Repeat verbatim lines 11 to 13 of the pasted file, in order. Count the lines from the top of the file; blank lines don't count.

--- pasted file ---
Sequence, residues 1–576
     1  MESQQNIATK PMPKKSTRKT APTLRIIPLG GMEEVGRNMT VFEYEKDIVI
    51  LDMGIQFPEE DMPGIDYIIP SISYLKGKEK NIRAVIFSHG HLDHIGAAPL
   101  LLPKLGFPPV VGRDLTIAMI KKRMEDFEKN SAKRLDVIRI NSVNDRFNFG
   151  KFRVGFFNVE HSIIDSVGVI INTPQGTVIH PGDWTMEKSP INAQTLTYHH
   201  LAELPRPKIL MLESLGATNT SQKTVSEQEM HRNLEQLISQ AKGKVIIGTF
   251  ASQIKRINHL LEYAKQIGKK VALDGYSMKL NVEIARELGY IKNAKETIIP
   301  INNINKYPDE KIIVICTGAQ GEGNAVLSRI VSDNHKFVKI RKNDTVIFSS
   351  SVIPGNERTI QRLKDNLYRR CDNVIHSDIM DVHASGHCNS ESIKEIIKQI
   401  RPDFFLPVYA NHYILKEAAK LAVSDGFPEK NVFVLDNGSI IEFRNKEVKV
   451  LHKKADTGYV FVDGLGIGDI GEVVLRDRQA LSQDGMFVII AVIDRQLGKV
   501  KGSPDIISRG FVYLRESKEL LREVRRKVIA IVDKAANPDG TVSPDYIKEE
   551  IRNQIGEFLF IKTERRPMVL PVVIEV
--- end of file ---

   451  LHKKADTGYV FVDGLGIGDI GEVVLRDRQA LSQDGMFVII AVIDRQLGKV
   501  KGSPDIISRG FVYLRESKEL LREVRRKVIA IVDKAANPDG TVSPDYIKEE
   551  IRNQIGEFLF IKTERRPMVL PVVIEV